Contents Previous Chapter
15 - Into the Third
been a Yorkshire farming community for the whole of the first two millennia (and
probably longer). In that time, many villages suddenly found themselves at the
centre of trade or industry and either became huge towns or cities - or found
themselves swallowed up by a more illustrious neighbour. Middlesbrough, at the
heart of industrial Teesside, with a current population approaching 150,000 had
29 inhabitants in 1879. Other villages simply died. Their residents scattered,
and they ended up as just a name on a map. Perhaps the most famous in North
Yorkshire is the lost village of Wharram Percy, but there is an entry in the
Doomsday Book for Stillington's neighbour - the village of Moxby. It now only
exists in the name of the parish, and the farm.
Often the trigger
for growth could be something comparatively small. In the 18th century, 'Canal
Mania' swept the country. Canals - the motorways of their day - transformed
many villages into communication and distribution centres. In 1793, the Foss
Navigation Company obtained an Act to authorise the construction of a canal from
York to Stillington Mill. In the event, their money ran out, and it was never
built beyond Sheriff Hutton.
In the 19th
century, canal mania was replaced by railway mania. Again, the existence of a
railway depot, caused many small communities to blossom into first distribution,
and then manufacturing centres. Even a station which gave easy access to a
neighbouring city was sometimes enough to start a building boom. In 1887 an Act
of Parliament authorised the construction of the Easingwold Light Railway. In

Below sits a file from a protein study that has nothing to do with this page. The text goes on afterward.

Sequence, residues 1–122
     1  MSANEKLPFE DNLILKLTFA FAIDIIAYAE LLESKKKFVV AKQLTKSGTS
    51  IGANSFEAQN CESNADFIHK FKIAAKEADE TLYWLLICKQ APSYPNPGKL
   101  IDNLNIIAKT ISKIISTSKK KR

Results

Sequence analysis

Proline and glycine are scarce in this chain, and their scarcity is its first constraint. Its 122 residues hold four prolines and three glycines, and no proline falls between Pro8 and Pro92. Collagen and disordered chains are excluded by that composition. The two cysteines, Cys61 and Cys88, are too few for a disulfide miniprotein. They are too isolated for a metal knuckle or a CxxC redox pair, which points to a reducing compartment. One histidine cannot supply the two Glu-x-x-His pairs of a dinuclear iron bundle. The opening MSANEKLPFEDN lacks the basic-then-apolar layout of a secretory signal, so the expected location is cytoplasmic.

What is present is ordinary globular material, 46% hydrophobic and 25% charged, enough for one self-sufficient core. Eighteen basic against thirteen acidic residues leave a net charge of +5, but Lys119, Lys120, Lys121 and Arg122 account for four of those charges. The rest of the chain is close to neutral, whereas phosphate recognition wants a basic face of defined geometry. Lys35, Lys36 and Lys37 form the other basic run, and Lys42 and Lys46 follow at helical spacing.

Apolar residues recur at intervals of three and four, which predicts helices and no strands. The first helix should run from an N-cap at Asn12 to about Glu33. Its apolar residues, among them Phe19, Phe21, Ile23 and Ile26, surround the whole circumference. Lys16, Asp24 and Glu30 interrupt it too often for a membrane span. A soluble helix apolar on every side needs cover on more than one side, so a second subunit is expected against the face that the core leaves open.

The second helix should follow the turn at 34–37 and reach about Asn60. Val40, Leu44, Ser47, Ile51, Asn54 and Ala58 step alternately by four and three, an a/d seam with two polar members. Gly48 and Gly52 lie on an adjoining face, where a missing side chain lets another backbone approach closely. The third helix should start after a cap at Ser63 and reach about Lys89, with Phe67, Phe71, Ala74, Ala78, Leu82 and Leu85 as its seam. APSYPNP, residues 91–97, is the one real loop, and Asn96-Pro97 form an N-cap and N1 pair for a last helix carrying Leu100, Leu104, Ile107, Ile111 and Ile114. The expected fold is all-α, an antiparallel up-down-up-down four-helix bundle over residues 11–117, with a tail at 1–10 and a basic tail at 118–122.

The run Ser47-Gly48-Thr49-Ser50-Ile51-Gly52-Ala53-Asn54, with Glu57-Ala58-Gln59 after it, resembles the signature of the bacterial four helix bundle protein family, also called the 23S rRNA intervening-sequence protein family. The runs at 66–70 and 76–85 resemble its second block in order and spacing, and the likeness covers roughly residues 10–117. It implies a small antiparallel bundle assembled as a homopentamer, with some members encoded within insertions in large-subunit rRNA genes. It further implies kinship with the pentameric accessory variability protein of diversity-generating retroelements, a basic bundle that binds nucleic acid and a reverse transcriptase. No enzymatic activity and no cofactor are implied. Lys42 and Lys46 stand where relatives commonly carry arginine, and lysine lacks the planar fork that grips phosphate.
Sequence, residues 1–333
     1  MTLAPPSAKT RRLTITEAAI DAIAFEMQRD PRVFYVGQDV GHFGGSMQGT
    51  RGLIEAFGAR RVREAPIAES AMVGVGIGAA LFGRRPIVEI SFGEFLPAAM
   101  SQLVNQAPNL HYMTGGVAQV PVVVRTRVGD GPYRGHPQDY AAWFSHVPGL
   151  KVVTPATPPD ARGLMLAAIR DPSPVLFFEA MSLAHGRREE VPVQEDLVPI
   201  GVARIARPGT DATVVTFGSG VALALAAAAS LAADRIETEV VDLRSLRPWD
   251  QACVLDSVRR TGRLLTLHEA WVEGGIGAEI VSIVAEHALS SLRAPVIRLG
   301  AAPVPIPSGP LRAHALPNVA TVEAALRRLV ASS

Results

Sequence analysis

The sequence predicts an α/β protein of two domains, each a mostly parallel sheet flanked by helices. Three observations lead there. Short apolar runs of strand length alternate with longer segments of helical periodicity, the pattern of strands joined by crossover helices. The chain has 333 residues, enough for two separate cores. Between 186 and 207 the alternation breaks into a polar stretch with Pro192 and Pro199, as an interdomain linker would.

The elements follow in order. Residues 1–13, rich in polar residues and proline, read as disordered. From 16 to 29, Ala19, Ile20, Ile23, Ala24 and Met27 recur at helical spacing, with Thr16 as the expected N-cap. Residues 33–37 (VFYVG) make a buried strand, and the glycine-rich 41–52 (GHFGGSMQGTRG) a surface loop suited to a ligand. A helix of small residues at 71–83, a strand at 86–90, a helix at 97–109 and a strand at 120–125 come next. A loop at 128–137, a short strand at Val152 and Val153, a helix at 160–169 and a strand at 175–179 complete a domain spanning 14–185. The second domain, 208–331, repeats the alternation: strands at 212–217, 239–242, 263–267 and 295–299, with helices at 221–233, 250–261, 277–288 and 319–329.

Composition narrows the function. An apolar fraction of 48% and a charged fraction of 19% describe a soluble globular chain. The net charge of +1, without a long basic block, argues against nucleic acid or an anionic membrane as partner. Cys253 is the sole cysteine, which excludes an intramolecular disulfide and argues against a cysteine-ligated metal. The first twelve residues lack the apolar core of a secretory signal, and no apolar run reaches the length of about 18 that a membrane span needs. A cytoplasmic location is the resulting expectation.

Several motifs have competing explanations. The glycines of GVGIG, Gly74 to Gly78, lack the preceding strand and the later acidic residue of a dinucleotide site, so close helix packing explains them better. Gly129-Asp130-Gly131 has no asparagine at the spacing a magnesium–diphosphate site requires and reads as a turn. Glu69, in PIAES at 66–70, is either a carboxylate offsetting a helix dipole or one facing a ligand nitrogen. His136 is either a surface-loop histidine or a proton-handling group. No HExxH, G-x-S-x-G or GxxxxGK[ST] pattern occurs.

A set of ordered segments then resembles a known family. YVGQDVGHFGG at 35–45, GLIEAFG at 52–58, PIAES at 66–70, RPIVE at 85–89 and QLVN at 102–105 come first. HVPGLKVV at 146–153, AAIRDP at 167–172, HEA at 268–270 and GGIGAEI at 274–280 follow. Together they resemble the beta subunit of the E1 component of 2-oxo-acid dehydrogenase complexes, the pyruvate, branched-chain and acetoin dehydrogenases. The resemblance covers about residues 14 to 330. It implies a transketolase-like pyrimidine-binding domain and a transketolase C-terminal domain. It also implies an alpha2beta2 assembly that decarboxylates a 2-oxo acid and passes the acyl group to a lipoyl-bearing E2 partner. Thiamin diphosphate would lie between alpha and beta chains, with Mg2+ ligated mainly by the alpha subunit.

1888, a prospectus for the sale of the Croft estate, confidently claimed:
'An Act has been
obtained for a Branch Railway from Alne to Easingwold, and it is anticipated
that before long the line will be extended via Stillington to join the
Scarborough Railway at Strensall'.
Even then, estate
agent's advertisements had to be scrutinised carefully! Where the station would
have been, and the effects it would have had, are open to speculation.
In the 20th
century, the flat terrain of the vale of York made it an ideal location for
World War II aerodromes. Although they only had a very short operational life,
former airfields have been developed as industrial estates and retail parks,
often in locations which would never otherwise be allowed. It may have been a
fairly arbitrary decision to site an airfield at East Moor, rather than West
Moor, on the Stillington to Easingwold road. If this had happened, the village
might have been linked to its larger neighbour by an industrial estate. The
planners might have proposed an entirely different regional development plan and
the village might have lost its identity.
So many things
could have happened, so many small changes could have had major consequences for
the village - but they did not. Stillington enters the third millennium as the
same sort of community as it has been for the first two - A North Yorkshire
rural village. Long may it remain so!